I find it fascinating to take stock of websites today from a usability perspective. They range from organized to disheveled and there is not always a correlation between the size of the company and the intuitiveness of the website. There are incredibly smart and successful sites run from kitchen tables and there are billion dollar corporations who have such convoluted web offerings that they should be embarrassed.
To this day, there are many businesses (large and small) who do not grasp the value that a really strong website can deliver, nor do they have a hint of a strategy to consistently evolve their sites.
Think for a moment about how traditional (brick and mortar) businesses have historically presented themselves. The successful ones have been very detail-oriented, customer-focused and unafraid to test new ideas; be they pricing strategies, customer loyalty tactics, hours of operation, merchandise display, etc. Today’s sharp marketers have adopted a similar mindset online. The variables may be different, but the philosophy is identical.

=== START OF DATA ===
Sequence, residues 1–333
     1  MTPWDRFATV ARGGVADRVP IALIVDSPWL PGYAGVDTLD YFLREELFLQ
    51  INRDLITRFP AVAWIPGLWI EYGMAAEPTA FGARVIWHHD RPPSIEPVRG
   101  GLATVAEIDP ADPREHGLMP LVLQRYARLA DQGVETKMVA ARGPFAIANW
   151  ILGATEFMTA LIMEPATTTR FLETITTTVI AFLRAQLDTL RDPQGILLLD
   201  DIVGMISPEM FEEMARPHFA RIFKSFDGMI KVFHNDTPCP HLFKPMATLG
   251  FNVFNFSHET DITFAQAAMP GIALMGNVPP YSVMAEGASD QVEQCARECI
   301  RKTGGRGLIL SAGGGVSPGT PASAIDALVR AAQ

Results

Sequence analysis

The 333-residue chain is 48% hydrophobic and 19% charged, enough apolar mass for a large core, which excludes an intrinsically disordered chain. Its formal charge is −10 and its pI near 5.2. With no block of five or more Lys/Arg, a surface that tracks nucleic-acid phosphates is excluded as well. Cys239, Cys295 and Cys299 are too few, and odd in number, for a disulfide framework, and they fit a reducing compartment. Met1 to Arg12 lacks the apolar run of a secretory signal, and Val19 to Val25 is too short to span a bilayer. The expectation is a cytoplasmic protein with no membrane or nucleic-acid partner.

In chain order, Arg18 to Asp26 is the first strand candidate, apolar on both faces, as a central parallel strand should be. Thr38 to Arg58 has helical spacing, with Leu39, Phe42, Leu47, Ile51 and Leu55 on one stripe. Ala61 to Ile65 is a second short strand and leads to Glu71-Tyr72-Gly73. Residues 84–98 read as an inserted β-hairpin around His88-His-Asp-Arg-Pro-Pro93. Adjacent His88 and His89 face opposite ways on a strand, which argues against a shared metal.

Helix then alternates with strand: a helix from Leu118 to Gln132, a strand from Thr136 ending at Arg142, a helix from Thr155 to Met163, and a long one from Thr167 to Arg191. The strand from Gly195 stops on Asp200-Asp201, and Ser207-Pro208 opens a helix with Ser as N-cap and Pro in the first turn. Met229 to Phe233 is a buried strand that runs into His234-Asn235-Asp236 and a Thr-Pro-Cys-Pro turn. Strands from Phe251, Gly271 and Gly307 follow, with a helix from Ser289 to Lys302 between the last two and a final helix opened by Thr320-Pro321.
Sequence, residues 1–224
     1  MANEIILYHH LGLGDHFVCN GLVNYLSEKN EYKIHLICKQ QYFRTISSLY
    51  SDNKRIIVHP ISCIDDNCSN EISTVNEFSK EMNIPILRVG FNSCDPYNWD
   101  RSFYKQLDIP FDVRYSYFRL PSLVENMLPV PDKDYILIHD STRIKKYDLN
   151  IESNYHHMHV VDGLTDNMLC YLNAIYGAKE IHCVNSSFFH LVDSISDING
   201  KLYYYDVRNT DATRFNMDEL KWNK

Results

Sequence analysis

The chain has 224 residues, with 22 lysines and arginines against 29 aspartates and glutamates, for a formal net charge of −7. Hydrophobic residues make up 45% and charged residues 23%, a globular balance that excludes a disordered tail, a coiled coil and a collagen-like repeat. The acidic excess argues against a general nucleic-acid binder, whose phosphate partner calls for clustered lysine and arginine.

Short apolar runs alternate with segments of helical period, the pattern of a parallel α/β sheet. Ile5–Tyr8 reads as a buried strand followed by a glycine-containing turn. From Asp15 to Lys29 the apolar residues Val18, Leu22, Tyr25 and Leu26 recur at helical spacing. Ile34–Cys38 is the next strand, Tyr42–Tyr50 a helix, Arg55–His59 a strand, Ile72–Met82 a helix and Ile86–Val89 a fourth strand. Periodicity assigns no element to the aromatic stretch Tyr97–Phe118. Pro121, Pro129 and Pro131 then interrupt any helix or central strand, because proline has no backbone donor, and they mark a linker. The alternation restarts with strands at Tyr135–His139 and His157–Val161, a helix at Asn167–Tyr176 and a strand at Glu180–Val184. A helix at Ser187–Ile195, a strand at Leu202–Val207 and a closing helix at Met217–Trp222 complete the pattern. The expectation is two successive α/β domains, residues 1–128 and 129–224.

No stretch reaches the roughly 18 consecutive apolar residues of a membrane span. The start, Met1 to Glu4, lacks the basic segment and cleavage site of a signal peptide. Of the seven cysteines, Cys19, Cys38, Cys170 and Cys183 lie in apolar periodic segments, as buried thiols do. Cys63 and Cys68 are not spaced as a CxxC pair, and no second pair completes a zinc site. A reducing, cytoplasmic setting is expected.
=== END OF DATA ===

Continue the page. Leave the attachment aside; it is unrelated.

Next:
There are usually clear-cut reasons why one business is really crowded and another struggles, even though they both essentially sell the same products. This is the case both on and off line. Somehow, one business is more focused on the customer experience than the other, and while the differences may not be obvious to the owner of the weaker store, they are abundantly clear to their potential customer base.
If you haven’t done so lately, I encourage you to spend some time on your own website and also the sites of your competitors. You may leave this “to-do” feeling that you have a best in class site for your industry, or you may better understand why you are not experiencing the results that you are seeking. A key point to keep in mind is that this should not be a one-time exercise, but ought to be continuous, as your serious competitors will be doing the same and always seeking out ways to gain or maintain an advantage.